What is an IPO

What is an IPO? How to apply for an IPO?

Contents

Introduction

IPO stands for initial public offer. The first time a company offers its shares on a public stock exchange is called an IPO. Assume you have plans to start your own cupcake business. The primary expenses you will need to fund for this business are raw materials, machinery, workers to help you, and a place to sell your product. You might have the capital to invest in these expenses. If not, you might even borrow from friends and relatives and other angel investors. If you want to expand and buy an industrial machine that costs several thousand rupees, or if you’re going to rent out another location to grow, you need more investors to support your cause. That is where offering your shares to the public will help. By providing your claims to the public, you will raise the amount of capital that you need to fund your expenses and run your business.

Once you offer your shares in the primary market, investors will subscribe to these shares. The process of allocating these shares in the allowed percentage to the investors and receiving money from them is called an Initial public offer. Your company goes from being entirely private to being a public entity.

Types of investors

There are different types of investors who will subscribe to your shares. Let us look at who they are and the percentage of shares allocated to them in your company.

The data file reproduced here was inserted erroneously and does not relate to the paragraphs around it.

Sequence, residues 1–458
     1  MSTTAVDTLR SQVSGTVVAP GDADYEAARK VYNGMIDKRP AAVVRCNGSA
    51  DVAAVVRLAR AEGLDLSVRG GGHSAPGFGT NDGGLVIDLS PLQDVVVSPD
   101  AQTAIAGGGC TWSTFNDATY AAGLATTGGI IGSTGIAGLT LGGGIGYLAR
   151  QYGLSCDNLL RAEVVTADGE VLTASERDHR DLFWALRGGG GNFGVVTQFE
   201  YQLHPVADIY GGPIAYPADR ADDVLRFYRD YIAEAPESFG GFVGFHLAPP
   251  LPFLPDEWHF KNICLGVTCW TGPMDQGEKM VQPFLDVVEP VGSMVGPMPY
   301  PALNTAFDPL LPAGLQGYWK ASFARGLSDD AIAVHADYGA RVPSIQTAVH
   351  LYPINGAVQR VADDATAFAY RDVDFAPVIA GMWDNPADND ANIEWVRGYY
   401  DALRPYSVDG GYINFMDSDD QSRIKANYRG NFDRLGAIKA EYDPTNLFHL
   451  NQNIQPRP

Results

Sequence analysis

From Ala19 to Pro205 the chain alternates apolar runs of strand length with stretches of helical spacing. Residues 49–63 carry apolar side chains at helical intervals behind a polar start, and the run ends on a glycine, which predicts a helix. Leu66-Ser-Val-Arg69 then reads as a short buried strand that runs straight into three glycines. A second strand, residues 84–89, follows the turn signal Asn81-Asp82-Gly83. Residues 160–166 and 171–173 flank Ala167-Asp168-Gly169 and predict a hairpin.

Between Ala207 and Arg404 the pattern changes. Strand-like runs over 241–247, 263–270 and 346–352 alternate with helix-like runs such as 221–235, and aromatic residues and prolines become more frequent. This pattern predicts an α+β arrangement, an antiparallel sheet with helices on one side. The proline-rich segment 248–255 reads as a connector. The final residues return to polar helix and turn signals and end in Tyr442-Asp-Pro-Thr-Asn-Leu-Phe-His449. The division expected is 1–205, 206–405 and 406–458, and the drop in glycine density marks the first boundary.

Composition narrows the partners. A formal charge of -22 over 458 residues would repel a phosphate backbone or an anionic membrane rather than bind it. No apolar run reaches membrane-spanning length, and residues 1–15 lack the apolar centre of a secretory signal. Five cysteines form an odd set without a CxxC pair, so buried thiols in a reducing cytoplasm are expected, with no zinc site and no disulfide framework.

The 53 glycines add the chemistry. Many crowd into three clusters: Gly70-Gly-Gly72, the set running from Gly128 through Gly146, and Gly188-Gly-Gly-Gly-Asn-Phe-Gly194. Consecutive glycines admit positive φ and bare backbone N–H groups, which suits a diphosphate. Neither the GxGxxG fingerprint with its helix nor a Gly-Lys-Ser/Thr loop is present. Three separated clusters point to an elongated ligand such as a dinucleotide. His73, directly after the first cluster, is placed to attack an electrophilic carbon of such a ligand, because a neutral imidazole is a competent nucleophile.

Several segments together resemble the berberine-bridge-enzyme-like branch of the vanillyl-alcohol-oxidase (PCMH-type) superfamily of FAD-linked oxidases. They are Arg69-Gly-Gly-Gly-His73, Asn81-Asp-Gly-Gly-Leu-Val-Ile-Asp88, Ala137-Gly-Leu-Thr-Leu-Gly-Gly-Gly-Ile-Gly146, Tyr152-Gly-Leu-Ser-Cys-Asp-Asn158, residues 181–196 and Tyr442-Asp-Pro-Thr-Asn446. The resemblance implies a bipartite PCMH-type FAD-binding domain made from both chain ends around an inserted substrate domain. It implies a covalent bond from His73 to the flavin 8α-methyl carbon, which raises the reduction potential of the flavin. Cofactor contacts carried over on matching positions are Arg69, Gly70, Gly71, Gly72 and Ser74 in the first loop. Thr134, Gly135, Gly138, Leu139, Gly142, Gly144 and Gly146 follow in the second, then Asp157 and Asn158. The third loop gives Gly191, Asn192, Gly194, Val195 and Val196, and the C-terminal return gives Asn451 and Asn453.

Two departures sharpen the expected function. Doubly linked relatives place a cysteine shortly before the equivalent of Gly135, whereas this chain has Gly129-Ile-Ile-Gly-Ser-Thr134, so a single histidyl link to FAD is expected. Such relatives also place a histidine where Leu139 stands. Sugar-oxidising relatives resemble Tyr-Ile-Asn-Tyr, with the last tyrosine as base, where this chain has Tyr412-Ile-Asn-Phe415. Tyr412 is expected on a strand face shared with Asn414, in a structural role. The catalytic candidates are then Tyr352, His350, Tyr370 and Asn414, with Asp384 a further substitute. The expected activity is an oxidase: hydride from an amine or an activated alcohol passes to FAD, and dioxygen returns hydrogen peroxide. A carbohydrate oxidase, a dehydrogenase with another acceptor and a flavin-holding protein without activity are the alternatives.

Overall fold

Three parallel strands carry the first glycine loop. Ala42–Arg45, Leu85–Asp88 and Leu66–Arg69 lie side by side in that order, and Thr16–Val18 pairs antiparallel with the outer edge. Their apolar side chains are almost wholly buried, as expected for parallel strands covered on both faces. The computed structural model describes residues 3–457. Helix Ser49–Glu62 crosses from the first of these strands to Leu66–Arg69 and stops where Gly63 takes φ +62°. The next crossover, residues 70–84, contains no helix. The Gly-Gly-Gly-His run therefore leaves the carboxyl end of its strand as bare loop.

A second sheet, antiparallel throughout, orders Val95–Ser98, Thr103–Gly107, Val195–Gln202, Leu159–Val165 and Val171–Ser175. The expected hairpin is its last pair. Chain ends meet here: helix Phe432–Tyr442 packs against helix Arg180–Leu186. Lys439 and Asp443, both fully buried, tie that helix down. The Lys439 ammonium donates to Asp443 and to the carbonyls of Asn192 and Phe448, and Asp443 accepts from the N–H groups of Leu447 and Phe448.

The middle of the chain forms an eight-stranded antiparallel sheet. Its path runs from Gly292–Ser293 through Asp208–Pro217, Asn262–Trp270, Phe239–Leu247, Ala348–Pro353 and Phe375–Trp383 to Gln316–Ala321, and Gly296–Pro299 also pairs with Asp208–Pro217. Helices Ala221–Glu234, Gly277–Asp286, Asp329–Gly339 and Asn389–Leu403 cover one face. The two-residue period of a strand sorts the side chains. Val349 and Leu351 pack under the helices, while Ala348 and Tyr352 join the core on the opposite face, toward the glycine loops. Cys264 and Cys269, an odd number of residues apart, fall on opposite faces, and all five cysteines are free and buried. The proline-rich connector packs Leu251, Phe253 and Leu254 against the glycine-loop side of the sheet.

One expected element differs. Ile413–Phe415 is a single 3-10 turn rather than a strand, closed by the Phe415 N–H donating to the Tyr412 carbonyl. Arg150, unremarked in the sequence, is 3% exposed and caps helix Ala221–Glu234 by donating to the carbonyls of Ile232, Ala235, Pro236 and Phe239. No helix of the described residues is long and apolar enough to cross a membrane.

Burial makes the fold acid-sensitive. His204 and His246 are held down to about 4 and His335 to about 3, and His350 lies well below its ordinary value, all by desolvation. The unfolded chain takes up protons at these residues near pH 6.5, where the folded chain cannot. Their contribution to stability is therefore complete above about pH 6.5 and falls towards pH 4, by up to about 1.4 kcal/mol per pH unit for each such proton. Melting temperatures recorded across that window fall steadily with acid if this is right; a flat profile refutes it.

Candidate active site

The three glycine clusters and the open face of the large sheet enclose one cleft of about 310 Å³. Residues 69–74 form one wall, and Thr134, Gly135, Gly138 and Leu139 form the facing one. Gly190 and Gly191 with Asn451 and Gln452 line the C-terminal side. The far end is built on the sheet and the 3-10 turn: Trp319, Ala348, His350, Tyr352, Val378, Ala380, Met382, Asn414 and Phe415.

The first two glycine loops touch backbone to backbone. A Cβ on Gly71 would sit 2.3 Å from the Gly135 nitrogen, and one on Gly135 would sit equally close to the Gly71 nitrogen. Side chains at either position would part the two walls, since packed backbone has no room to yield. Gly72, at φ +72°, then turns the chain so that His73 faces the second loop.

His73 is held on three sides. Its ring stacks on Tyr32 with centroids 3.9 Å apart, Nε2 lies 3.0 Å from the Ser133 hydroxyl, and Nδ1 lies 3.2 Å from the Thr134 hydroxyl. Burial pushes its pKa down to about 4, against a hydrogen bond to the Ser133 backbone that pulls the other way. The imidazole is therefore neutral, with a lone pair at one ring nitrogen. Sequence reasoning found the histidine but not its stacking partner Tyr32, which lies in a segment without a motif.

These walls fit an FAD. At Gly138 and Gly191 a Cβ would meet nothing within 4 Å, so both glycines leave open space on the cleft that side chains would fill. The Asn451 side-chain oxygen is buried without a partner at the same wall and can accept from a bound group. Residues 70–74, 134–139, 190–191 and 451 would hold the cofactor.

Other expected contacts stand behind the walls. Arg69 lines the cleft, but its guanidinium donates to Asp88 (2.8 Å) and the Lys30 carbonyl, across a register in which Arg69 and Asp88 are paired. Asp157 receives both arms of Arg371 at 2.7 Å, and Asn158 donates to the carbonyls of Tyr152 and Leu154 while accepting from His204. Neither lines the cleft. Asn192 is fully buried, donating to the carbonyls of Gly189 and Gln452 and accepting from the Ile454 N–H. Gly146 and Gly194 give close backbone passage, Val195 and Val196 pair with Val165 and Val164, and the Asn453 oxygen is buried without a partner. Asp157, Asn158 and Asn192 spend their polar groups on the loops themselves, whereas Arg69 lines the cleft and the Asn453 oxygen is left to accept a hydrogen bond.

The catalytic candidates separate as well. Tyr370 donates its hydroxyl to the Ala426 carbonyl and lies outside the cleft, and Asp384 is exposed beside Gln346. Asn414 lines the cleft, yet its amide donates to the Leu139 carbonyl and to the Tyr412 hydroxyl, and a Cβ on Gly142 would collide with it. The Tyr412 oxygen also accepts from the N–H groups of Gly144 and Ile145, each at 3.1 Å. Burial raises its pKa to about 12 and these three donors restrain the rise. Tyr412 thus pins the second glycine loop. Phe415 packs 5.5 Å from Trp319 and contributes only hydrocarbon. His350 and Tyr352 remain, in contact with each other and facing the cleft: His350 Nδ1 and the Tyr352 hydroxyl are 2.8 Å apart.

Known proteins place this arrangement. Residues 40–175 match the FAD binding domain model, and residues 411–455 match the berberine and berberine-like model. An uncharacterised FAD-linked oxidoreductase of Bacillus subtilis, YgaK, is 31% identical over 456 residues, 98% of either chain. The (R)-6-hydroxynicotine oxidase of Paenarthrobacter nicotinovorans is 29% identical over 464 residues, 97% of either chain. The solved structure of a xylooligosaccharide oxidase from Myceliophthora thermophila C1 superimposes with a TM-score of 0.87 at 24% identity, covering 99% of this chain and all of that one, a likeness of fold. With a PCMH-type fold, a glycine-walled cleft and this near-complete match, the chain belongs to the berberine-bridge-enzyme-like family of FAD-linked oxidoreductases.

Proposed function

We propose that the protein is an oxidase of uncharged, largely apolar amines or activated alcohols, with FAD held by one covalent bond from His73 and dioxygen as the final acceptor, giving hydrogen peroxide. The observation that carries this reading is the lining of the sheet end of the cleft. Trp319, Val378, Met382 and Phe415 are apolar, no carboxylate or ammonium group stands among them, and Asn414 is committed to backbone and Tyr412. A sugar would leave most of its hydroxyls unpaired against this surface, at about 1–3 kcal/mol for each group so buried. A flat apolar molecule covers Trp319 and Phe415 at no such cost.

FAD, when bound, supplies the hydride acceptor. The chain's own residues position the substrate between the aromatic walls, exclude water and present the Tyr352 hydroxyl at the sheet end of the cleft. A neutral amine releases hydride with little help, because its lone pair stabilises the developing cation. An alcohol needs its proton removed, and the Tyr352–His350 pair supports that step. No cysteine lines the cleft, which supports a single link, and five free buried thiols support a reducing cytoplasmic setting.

Qualified institutional buyers (QIBs)

The Securities Exchange Board of India defines this investor as having the necessary expertise and financial background to evaluate and strategically invest in capital markets carefully. A limit of 50% of the offer of your IPO is allowed to QIBs.

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Retail Individual Investors (RIIs)

These are individual investors who have do not have much capital as a QIB. They are unique or non-professional investors who buy and sell shares through brokerage firms for their accounts. Their bids are for a lower amount compared to institutional investors. The maximum sum that an RII can invest in your IP can be two lakhs rupees. They are allowed to receive at least 35% of the offer.

Non-institutional bidders (NIIs)

These investors are typically high-net-worth individuals and foreign bodies. They can apply for a sum greater than two lakhs rupees in your IPO and are allowed 15% of the total offer.

If you apply for an IPO but do not have three straight years of profit, you can allot 75% of the shares on offer to QIBs, 15% to HNIs, and only 10% to RIIs.

How to apply for an IPO

You need a trading account and a dematerialization (demat) fund to invest in shares, but for applying for an IPO, a Demat account is enough. It is an electronic record of your shares. The Securities Exchange Board of India has also made it easy for you to block the application money required for an IPO. Via the “application supported by blocked amount” facility (ASBA), your bank will automatically debit money from your bank account for the shares allotted to you.

Nowadays, it is easy to apply for an Initial public offering (IPO). It can be done offline and online. Most online brokers have ASBAthat helps investors efficiently use for an IPO.

With ICICI direct, you can invest in all the upcoming and current IPOs. You can view, among other details, an analysis of the top-performing IPOs, the closed IPOs, and the delisted IPOs.